In addition, they said, the soil erosion of fertile lands had forced the displacement of many Ahwazi families.  Other Arab villagers also reported that, during the rainy season, the absence of effective flood defenses meant that the Karoon River had burst its banks often, with heavy floods affecting their villages and destroying their crops.

Meanwhile, the estimated total losses sustained by Ahwazi farmers in last year’s floods, exacerbated by the regime opening the dam gates upstream to leave many areas devastated, exceed 80 trillion rials, with no compensation disbursed for those affected. Although 10 months have passed since the outbreak of the latest floods in Ahwaz, the people affected the floods received nothing which could make up for their losses.

Despite the promises made by the government nine months ago, the Ahwazi farmers did not receive any reparations or even help to reconstruct their destroyed homes, with only a fraction of the grossly inadequate six trillion rials allocated by the Iranian government paid out.

Salman Sayyahi, one of the farmers from Beyuz village in Esmailiyeh rural District, to the west of the capital city Ahwaz, said that 250 hectares of his agricultural lands had been destroyed, but a committee set up to assess losses has compensated him for only 140 hectares. He added that although the judgement was totally partial, he felt he had no choice to accept it; he still has not received any compensation to this moment.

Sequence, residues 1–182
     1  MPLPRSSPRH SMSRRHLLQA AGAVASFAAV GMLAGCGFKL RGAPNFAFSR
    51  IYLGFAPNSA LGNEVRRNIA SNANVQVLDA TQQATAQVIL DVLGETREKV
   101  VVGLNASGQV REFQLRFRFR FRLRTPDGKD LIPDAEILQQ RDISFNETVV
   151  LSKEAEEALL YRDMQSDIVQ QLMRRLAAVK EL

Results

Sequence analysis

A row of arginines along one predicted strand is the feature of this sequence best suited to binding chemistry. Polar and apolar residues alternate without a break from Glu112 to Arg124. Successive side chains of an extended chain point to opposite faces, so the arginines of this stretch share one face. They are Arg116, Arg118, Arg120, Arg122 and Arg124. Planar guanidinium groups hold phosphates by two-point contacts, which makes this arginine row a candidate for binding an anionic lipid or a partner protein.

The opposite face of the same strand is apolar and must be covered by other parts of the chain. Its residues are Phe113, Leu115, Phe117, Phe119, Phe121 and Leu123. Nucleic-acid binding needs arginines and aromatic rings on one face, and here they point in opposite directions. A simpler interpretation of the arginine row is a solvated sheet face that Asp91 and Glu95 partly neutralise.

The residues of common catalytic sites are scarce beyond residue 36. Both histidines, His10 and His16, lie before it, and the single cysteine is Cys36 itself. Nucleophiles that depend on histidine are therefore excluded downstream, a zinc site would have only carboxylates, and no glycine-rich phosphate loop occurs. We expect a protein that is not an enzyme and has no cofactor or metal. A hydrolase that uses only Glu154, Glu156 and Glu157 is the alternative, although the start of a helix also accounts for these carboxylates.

In a related context, while Iranian regime officials claim that the government paid compensation to 80 per cent of those affected by the floods in Ahwaz, Fazel Neisi, head of the farmers and agrarians federation, said that fully half of the affected farmers had received no compensation for the devastation they suffered.

The interviewees who spoke with  DUSC confirmed that their requests to regime authorities for help with flood barriers and other emergency aid were simply ignored or even met with dismissive laughter, with many recalling regime officials telling them that their ancestors shouldn’t have built their homes and established farms on flood plains, and that if they didn’t like the conditions they should move elsewhere.

For Ahwazis, this cruelty is not an anomaly, but typifies the callous, inhumane and chauvinistic nature of the Iran regime, which seems determined to continue with its persecution of the Ahwazi people, displacing families, and stealing their lands, while crushing their hopes, dreams and life chances.

Article first published on Dur Untash Studies Center.

Rahim Hamid Ahwazi is an Ahwazi author, freelance journalist and human rights advocate. He tweets under @samireza42.